I read a book a while back, and a seed was planted in a way that only great ideas can bring about. A good seed planted among the thorns.

I'm sure it was a self help book, as I was "into" them about that time. I have tried to google to give the author credit, but just don't have the time or patience today, so if anyone is familiar with it (ala needle in a haystack style), PLEASE let me know. I think it was a woman, who, like many others, changed my head.

It is a parable of sorts, as all good teaching is.

She gave an example of a boat in which there were three people: Herself, an old man, and a young child, (I'm taking a tremendous amount of creative license here as I can't recall the particulars...) and a painting by a great artist, let's say for my sake, Rembrandt van Rijn. I can't find my true favorite of his, so this may somewhat color the story for me.



She is the captain of the boat, and must stay on in order for the boat to make a safe return. But the boat is overloaded. One of the three (two people or the painting) must go. She must make the decision.

She said there was a time in her life, when she would have let the old man go, thinking he had lead a good life, and a priceless work of art for the ages would be saved.

But because of a change of heart(or head), she tells the story again later in the book and insists that she would ALWAYS choose the human life. There were no ifs, and s or buts about it. ALWAYS.

Do we sometimes choose ideas over people?

Saturday, June 23, 2007

from the Joy of Autism

Sweet Jesus

Thank you Estee. This is all the reading I need.

Friday, June 22, 2007

Be quiet and the kids will come to you

Ben's advice to a teacher who wanted to know the "secret".

I was very quiet as a child...most of us major depressive schitzo-shitzo's are. At age 14 or so I was walking back from a friends house. A boy, tall, lean, and scary, started following me. I didn't know who he was or what he wanted. Mr. Faulkner, our neighbor who I had only waved at before said, "He won't hurt you. He's mute". I never saw him again although I lived the rest of my teen years in that neighborhood. Into my life, and then non-existent.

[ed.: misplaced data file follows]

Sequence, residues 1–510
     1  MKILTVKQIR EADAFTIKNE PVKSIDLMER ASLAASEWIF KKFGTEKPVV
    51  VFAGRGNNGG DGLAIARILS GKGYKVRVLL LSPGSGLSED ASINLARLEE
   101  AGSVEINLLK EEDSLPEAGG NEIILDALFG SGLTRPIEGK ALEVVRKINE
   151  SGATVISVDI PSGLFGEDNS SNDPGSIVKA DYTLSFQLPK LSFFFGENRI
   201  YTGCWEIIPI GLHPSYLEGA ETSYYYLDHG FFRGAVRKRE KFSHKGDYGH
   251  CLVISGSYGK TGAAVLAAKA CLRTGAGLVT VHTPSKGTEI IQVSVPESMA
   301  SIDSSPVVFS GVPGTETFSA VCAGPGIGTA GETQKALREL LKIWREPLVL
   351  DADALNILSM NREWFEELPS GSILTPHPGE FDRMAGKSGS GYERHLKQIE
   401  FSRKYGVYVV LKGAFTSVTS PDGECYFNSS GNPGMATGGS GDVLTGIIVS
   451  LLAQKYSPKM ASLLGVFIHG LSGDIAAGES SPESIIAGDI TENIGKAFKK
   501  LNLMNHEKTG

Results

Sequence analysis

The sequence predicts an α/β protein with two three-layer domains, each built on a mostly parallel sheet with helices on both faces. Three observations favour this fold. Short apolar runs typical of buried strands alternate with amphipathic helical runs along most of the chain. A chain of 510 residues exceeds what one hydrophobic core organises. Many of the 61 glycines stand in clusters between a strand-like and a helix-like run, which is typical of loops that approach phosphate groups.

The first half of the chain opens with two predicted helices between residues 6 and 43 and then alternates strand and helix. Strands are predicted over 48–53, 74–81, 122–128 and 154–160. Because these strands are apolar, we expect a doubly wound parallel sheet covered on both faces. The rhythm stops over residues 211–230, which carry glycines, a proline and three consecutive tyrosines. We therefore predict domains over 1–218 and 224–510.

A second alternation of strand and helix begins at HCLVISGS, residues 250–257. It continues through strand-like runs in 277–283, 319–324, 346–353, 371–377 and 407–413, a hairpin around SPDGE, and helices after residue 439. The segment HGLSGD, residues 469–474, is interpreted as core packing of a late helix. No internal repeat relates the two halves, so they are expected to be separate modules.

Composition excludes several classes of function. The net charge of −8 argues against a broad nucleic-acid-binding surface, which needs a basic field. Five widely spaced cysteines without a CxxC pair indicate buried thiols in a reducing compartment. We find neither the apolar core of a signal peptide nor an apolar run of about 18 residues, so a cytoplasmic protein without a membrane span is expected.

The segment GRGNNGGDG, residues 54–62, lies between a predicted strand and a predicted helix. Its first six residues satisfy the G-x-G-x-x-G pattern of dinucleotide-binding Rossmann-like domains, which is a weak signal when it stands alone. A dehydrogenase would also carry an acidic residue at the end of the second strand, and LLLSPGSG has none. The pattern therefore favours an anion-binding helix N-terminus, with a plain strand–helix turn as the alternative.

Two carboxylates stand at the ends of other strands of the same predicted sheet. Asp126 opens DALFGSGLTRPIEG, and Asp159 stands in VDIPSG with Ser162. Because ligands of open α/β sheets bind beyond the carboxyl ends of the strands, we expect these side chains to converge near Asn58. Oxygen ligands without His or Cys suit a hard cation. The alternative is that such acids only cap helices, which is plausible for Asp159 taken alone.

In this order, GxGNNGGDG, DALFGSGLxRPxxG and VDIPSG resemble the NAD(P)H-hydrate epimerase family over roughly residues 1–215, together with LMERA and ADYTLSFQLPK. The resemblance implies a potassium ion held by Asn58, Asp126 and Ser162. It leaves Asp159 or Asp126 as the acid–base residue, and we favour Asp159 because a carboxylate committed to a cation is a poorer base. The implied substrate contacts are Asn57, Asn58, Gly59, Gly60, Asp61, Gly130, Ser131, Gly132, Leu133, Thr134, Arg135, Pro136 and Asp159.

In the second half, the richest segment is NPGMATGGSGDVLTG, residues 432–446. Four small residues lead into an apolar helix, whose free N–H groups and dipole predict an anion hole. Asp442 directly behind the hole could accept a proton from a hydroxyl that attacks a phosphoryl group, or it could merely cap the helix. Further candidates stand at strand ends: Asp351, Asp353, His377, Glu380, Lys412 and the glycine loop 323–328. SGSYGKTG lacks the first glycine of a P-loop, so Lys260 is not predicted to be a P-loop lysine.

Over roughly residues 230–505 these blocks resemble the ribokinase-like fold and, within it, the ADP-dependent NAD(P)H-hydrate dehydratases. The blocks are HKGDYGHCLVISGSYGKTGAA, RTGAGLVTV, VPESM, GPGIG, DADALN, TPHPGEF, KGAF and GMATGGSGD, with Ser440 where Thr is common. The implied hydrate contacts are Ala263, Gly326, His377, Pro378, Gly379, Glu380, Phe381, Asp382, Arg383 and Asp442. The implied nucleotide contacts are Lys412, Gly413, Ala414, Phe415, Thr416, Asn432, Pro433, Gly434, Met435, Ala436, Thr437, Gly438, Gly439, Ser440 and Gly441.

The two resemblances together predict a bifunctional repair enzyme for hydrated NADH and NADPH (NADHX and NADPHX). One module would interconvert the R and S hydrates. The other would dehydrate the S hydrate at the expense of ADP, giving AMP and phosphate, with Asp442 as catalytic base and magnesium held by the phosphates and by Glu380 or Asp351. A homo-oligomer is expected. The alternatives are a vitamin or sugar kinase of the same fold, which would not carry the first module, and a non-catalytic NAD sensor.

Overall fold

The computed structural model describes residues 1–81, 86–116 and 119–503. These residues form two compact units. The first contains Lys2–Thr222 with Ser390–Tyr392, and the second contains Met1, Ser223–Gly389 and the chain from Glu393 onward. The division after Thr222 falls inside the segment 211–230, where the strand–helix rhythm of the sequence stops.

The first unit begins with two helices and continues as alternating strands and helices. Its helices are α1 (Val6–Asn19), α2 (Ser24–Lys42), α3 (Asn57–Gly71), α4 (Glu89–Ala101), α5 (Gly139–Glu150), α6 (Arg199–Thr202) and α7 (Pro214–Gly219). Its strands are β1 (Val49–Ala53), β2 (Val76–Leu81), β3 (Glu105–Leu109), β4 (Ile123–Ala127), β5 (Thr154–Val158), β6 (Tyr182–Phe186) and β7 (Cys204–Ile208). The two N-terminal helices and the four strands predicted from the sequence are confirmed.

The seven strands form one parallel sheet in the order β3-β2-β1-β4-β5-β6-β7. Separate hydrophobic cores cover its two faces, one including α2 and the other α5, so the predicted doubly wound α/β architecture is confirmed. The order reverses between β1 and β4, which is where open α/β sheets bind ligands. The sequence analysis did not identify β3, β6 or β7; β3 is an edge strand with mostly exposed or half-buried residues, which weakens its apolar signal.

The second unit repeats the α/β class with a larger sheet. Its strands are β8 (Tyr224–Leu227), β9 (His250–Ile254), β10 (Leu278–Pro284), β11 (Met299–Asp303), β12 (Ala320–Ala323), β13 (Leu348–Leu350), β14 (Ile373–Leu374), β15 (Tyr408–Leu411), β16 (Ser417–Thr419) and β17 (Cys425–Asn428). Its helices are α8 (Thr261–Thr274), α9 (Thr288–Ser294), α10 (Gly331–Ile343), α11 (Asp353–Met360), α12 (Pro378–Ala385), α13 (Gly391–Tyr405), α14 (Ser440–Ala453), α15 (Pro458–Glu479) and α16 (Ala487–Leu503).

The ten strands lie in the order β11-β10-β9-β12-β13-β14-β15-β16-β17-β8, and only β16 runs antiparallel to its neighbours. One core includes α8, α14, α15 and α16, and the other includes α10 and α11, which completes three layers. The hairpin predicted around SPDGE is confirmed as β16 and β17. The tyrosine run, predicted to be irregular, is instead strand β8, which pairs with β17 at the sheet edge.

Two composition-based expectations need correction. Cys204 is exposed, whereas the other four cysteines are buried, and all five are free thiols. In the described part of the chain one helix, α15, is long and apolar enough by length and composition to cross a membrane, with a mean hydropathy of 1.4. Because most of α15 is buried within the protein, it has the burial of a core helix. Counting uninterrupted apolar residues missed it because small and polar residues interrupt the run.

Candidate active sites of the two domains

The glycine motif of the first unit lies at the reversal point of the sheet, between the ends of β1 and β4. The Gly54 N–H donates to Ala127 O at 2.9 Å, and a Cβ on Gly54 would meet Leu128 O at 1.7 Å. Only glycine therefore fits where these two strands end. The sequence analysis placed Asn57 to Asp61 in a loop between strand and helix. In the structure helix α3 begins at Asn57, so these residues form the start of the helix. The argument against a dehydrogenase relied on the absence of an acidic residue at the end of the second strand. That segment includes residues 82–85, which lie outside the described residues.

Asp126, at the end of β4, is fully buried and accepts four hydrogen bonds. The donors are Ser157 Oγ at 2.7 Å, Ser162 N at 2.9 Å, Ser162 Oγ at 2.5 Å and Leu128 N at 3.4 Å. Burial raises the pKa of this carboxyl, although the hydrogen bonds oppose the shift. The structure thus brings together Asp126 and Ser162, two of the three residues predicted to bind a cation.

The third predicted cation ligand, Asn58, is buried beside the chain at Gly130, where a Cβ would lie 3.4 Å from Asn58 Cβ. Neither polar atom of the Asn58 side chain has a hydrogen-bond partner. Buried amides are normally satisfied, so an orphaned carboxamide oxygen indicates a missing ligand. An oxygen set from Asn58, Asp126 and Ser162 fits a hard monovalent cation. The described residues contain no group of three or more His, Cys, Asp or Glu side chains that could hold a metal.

Taking Ben to the library...a young boy hugs me. He is autistic, his teacher says.

Grass in the wind

When Ben was young, I told his teacher the harder you pulled his rope, the harder he pulled back. It's so DAMN hard to let go of the rope.

Tuesday, June 19, 2007

Post Script:

I'm wearing my newly acquired Autism-hub t-shirt. That out to mess with their minds.... :)

Saturday, June 02, 2007

Emotionalism versus Sensationalism



The word emotionalism came to me this morning, while thinking about the difference between NT's and NNT's. I don't know what I am, but I know I'm definitively "not typical".

Emotionalism is what NTism is all about. It amounts to the ability to be moved, from it's Latin meaning. I think of collective blades of wheat, blowing in unison. It's a beautiful sight to see, having lived in Kansas, and literally gives a visual representation of that which cannot normally be seen, the wind.

Now, sensationalism means to understand by the senses. Understanding cannot be seen, it is as individual as the weeds that staunchly stand up to ruin the unison effect. As staunch as the rebel who refuses to follow the collective line, to "fit in".

While googling for an image of a "weed in a wheat field", I found no pictures of wheat fields whatever. So I tried "wheat field". I starting noticing a lot of Vincent Van Gogh's paintings coming up, such a sensationalist he was! All of them had weeds in the forefront, a prominant place, but this one.

Look very, very closely at the background.





Now I think I know
What you tried to say to me
And how you suffered for your sanity
And how you tried to set them free
They would not listen, they're not listening still
Perhaps they never will